Boys’ sprinters win national title at New Balance Indoors

Going overtakes leader in bell lap

From left, Glenroy Ford, Malcolm Going, Sean-Michael Parkinson, and Malachi Lorick are boys' national champions in the 1600m Sprint Medley Relay in NYC earlier this month.

Contributed Photo

From left, Glenroy Ford, Malcolm Going, Sean-Michael Parkinson, and Malachi Lorick are boys' national champions in the 1600m Sprint Medley Relay in NYC earlier this month.

Hisham Rushaidat, Sports Editor

In the last leg of the race, Malcolm Going took the baton and was neck-in-neck with a competitor from East Orange, N.J. In the last seconds Going was able to pass him and cross the line first.

The Hatters won their second track national title on March 10, the first since 2008. Danbury became national champs in the 1600 Sprint Medley Relay at the New Balance Nationals Indoors 2018.

The team includes seniors Sean-Michael Parkinson and Glenroy Ford, and juniors Going and Malachai Lorick. The event was held at The New Balance Track and Field Center at The Armory in New York City. (See the team’s post-race interview here).

Coached by Rob Murray, the team broke the school-, FCIAC- and Connecticut state-records. The Hatters finished at 3:28.36; East Orange came in second at 3:28.99 and Pearl River trailed in third at 3:30.20.

“It’s been a remarkable season with the team in general,” Murray said. “We were able to sweep the championship season, winning the western division championships, FCIAC championships, Class LL, State Championship, and the State Open Championship. We’ve had an undefeated championship season in our 4×4 relay.”

Team members said they knew they had the potential to reach the podium. They wanted to leave Nationals as All-Americans.


Parkinson said it was “unbelievable and unpredictable. We wanted to go in and come out as All-American, but when Malcolm crossed the line, which was astonishing, I just yelled ‘Oh my God!’ and jumped up and down, trying to find where everyone was. It was overwhelming. Overwhelming.”

Going, who was 2 seconds behind the leader at the baton-handoff but then in the bell lap sprinted from 3rd to overtake the East Orange leader a few strides from the tape, acknowledged the craziness and excitement around him.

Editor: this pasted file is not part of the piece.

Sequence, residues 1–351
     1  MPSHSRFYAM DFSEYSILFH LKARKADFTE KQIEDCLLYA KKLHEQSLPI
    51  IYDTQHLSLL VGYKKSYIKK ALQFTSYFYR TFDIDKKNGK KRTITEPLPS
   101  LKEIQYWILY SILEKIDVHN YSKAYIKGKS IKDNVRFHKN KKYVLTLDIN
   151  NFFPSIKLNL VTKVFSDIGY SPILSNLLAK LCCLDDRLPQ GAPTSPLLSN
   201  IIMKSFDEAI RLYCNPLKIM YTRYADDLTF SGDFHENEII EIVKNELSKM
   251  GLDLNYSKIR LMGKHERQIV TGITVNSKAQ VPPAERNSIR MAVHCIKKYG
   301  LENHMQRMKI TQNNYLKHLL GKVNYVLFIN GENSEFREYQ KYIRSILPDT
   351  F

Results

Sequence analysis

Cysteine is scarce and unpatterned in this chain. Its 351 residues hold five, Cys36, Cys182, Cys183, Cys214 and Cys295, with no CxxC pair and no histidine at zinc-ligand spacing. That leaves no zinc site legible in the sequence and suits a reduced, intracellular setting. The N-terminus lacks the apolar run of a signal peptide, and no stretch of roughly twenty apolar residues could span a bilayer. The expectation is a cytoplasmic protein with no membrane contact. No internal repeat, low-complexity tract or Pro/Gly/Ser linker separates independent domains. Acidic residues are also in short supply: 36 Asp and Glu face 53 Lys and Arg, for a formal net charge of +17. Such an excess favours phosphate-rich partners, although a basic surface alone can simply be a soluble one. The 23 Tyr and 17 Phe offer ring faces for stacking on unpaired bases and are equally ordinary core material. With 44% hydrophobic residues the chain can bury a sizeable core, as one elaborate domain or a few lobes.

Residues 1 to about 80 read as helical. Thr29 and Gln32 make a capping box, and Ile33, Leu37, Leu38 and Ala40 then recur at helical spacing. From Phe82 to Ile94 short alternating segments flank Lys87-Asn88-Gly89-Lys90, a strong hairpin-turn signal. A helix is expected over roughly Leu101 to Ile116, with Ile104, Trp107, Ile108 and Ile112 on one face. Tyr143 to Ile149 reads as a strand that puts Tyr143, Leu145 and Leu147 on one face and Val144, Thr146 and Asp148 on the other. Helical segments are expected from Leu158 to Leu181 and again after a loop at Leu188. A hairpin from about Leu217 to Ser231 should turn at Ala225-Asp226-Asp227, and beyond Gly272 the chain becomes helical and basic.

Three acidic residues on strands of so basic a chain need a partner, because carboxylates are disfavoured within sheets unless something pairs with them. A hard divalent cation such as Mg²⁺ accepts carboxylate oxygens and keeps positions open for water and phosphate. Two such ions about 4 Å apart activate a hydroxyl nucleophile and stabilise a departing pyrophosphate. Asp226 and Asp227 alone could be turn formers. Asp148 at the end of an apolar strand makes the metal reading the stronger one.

“We knew we had a chance of winning, but what we didn’t know how much of a chance,” said Going, No. 5 in the nation in the 800m. “When I passed the line, we were all ecstatic. I mean it’s the National Championships, that’s really exciting.”

The win felt like like a dream for Lorick. “You think you’re dreaming,” Lorick said. “Malcolm crossing that line and you being national champion, it’s just great.”

The team will receive their national champ rings in June.

The road to become national champions wasn’t an easy one. It took hard work, dedication and teamwork from the medley team.

It’s all hardwork and dedication by all of us,” Going said. “I know it sounds cliche but it’s true. Sometimes you want to go hang out with your friends but you go to practice. It’s passion and determination.”

Lorick added: “We practice every day, every week, every month. Season never ends.”

The relationship between the four athletes is what pushes them to achieve.

“We work well,” Ford said. “We goof around at times, but we always help each other fix our problems.”

Murray said it’s always been evident of the medley team’s pride representing DHS and the program.  “It is great to have coached them, and to have helped them develop,” the coach said. They’re the national champions.”

The next challenge for the boys is the outdoor track and field season when they hope to become outdoor champions.

“You try to process it,” Ford said of the national title. “That you’re All-American, that you’re a national champion. It’s indescribable in all aspects.”